Note that the curve parameter structure
With the above parameter assignments, P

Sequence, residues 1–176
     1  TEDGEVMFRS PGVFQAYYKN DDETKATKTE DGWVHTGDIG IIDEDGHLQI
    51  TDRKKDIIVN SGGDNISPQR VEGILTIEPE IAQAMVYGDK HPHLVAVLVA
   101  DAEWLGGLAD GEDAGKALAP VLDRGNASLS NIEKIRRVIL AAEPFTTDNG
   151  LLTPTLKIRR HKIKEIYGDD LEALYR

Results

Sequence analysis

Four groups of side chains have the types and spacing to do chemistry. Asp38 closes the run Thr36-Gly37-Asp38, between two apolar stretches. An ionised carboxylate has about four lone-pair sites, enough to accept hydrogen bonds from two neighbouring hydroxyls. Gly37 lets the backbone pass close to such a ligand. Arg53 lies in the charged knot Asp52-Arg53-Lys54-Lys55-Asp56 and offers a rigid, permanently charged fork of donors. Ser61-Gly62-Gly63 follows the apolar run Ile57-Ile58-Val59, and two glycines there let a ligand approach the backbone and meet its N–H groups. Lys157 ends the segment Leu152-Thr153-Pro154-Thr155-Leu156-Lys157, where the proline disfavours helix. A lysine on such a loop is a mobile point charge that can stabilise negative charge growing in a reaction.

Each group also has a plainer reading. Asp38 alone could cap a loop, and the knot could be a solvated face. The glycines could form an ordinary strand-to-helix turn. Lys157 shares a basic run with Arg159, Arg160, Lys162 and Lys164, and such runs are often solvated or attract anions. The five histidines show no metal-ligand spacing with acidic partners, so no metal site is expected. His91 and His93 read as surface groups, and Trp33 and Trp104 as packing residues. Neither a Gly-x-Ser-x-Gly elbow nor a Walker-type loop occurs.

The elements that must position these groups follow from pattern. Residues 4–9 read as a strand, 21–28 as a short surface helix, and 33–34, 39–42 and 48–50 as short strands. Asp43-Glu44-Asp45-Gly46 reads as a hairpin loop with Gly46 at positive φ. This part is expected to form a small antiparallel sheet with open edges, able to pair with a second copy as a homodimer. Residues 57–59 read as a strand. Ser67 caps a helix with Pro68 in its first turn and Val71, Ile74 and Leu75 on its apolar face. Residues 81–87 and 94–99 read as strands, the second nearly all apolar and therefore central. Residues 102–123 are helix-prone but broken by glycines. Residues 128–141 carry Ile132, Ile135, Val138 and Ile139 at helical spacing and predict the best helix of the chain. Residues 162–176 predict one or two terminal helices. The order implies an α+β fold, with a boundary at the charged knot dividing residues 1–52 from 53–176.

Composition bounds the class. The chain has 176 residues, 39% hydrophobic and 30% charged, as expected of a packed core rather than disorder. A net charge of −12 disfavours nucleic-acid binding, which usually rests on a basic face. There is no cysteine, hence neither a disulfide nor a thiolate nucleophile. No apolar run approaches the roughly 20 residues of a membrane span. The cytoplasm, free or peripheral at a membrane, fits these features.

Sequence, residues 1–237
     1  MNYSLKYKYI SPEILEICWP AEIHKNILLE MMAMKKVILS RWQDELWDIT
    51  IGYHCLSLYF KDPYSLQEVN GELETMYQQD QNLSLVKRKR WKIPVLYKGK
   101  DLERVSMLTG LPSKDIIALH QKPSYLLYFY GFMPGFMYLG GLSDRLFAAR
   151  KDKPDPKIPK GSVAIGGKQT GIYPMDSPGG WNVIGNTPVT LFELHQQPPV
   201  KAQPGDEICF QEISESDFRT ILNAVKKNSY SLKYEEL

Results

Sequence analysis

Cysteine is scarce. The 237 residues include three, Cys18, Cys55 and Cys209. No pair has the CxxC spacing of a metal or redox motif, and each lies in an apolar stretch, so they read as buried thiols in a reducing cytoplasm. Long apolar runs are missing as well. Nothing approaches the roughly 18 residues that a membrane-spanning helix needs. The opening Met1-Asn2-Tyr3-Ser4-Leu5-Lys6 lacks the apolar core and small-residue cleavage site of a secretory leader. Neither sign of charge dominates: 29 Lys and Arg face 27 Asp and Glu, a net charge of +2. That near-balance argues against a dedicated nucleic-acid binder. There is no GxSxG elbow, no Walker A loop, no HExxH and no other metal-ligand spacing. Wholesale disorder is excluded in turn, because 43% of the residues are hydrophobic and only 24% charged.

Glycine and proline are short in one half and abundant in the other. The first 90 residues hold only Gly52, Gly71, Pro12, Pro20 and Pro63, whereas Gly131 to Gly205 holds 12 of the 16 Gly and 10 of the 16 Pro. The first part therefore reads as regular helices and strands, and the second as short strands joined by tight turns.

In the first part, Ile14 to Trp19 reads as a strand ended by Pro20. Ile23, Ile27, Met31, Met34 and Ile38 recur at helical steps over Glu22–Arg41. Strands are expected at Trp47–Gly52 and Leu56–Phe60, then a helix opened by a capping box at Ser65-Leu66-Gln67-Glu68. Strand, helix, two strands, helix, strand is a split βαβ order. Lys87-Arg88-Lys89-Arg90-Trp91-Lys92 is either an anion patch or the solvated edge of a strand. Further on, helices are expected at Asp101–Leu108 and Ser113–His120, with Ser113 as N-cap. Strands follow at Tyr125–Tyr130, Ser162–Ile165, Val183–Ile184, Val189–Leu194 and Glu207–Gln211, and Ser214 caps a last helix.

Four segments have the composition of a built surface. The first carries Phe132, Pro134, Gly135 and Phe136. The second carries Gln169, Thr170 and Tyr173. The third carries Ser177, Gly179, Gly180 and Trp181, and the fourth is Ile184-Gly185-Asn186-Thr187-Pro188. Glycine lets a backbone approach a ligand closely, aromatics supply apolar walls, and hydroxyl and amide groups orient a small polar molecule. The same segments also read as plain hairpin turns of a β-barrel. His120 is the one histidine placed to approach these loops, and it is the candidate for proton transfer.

Thus, the point order of x The computer-readable medium An advantage of the disclosed embodiments is the use of unsigned finite field arithmetic. Appendix A includes code layouts of examples of functions that can be used in SFEE calculations. These example functions have been specifically designed for small memory environments and minimize the amount of memory allocated to a memory stack. In some embodiments, the amount of storage allocated for the memory stack to perform a signature generation operation does not exceed the amount of storage required to store several lGiant values, one bGiant value and a predetermined number of n-byte length fields per lGiant or bGiant. In some embodiments, the amount of storage allocated for storing temporary values in a memory stack to perform a signature generation operation does not exceed an amount of storage associated with 7 lGiants and 1 bGiant, plus a 2-byte length field. In some embodiments, the amount of storage allocated for storing temporary values in a memory stack to perform a signature verification operation does not exceed an amount of storage associated with 8 lGiants and 1 bGiant, plus a 2-byte length field. In an embodiment in which an lGiant value requires 22 bytes of storage and a bGiant value requires 40 bytes of storage, the stack allocation required to store temporary values while performing a signature generation operation does not exceed 200 bytes, plus a small amount of memory for storing procedure return information. The stack allocation required to perform a signature verification operation does not exceed 230 bytes, plus a small amount of memory for storing procedure return information. In some embodiments, the amount of storage allocated for storing temporary variable to perform a signature generation operation does not exceed an amount of storage associated with 10 lGiants, where the storage associated with an lGiant is the amount of storage required to store the largest value in the finite field of integers in which the signature verification operation is performed. Similarly, in some embodiments, the amount of storage allocated for storing temporary variable to perform a signature verification operation does not exceed an amount of storage associated with 11 lGiants, where the storage associated with an lGiant is the amount of storage required to store the largest value in the finite field of integers in which the signature verification operation is performed. The functions can be implemented in any suitable software language (e.g., “C” code, assembly language, etc.) or hardware (e.g., digital signal processors, ASICs, microprocessors, etc.). The example functions included in Appendix A assume a priori the existence of fundamental giant-integer operations, where each of the example functions listed in Table I below involves either lGiant types, bGiant types, or a combination of both.